Once the multichannel catheter is formed, whether by extrusion or mandrel-dipping, it is cut to suitable lengths and treated to provide the further characteristics of the product to make it operable. Such treatment may occur in any particular order. For example, a plurality of openings 40 in FIG. 4 are formed near the distal end of said catheter communicating with said first channel. These openings are made in conformance with the designs discussed herein, and thus are preferably elongate in that the longitudinal axis of the elongate design may be helical or orthogonal, but is preferably substantially parallel to the longitudinal axis of the catheter itself. The openings may be provided by suitably cutting or punching the elongate design into the wall of the catheter. The design is approximately oval, rectangular, or the like with the length of the opening being about a size discussed herein before. The width of the opening will be such it will not weaken the structural integrity of the distal end of the catheter. FIGS. 8, 9 and 10 present various configurations for the positioning of openings 40. Optionally, additional openings communicating with the first channel may be provided along the length of the catheter positioned between approximately the middle of the catheter and the elongate openings near the distal end. The openings are useful in reducing the pressure drop between the proximal end of the catheter and the distal openings to help reduce the sheer stress on the blood.
In addition to the openings that communicate with the first, large channel, at least one opening communicates with the third channel. An inflatable bladder, i.e. a balloon device, is integrated into the distal end of the catheter such that the interior of the balloon communicates with the outlet of the third channel to allow fluid to flow through the third channel and to the interior of the inflatable means. In general, this may be integrated by positioning a balloon having an opening corresponding to the opening to the third channel and adhering the balloon to the distal end of the catheter between the openings to the first large channel of the catheter and the distal tip of the catheter. This adherence may be performed by using a suitable glue, solvent bond, light sensitive weld, or other suitable material known in the art for this purpose. The material used for the inflatable means may be any suitable biocompatible material that is capable of being inflated and deflated a plurality of times. Polyurethane-based biocompatible polymers are preferred. These are described in the aforementioned article by Ward, et al.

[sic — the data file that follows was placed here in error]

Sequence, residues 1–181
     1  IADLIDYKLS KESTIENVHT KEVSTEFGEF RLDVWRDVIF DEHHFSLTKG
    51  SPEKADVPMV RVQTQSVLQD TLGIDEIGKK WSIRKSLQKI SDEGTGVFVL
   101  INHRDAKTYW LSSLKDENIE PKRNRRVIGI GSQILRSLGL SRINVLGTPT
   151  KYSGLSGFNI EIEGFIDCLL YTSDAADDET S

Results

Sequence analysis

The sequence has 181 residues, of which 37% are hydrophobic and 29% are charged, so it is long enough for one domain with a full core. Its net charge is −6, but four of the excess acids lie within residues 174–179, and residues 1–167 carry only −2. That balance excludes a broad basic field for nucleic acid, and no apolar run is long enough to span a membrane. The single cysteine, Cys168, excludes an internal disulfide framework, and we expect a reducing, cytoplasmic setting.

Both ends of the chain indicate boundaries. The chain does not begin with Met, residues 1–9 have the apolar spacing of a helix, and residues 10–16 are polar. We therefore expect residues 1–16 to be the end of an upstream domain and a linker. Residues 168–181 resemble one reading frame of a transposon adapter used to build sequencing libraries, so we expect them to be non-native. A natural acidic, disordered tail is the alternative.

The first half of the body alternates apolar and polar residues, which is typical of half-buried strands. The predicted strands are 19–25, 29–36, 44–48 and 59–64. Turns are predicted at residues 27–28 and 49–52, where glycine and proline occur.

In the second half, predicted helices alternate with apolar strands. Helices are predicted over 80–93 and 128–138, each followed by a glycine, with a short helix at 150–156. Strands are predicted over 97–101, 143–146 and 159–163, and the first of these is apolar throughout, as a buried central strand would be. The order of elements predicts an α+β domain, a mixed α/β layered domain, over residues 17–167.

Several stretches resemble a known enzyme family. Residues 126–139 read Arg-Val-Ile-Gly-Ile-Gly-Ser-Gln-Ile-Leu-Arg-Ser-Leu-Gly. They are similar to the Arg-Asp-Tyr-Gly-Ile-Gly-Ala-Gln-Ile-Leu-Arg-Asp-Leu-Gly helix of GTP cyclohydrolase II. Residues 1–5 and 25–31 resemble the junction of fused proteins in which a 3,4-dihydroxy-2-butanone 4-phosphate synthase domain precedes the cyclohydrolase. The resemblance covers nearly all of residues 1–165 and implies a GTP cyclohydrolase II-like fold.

Finally, the distal end of the first, large channel and the third, small channel are closed. This may be achieved by plugging, solvent sealing, heating or other suitable means. The process must be carried out in such a way that the distal end of the second channel remains open.
Alternatively, a catheter of this invention may be constructed by conjoining, e.g. a 3 or 4 channel portion (which has the large blood flood channel) with a portion that has one less channel, i.e. the distal portion in FIG. 13.
In this case, the catheter is produced by introducing, e.g. 3 or 4 single lumen extruded tubings into a molded manifold which merges each of the single lumens (3) into the mulitluwnen extrusion. See FIGS. 5A-5D. The multilumen extrusion of the proximal portion is fused or bonded to the distal multilumens extrusion using mandrels which prevent closure of the continuing lumens, e.g. 36, 36 a, 38 in FIGS. 5A-5D. The balloon is fused or bonded onto the distal portion of the tubing with fewer lumens, which portion is designed to transcend the aortic arch.
The proximal portion of the multichannel catheter of this invention is prepared using any technique that provides the multichannel catheter herein described. Once the proximal portion of the multichannel catheter is formed, whether by extrusion or mandrel-dipping, it is cut to suitable lengths and treated to provide the further characteristics of the product to make it operable.